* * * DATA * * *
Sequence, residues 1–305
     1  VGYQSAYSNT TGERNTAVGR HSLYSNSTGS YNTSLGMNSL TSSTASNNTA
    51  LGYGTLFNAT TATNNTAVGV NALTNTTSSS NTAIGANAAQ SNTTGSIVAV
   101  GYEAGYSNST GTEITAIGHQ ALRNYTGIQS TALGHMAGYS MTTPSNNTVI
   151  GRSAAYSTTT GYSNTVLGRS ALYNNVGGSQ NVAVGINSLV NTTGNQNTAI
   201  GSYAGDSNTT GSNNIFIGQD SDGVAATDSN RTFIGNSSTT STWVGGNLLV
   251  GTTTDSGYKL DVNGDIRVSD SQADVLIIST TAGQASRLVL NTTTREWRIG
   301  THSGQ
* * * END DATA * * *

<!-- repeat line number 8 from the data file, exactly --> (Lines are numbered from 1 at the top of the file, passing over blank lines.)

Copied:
   301  THSGQ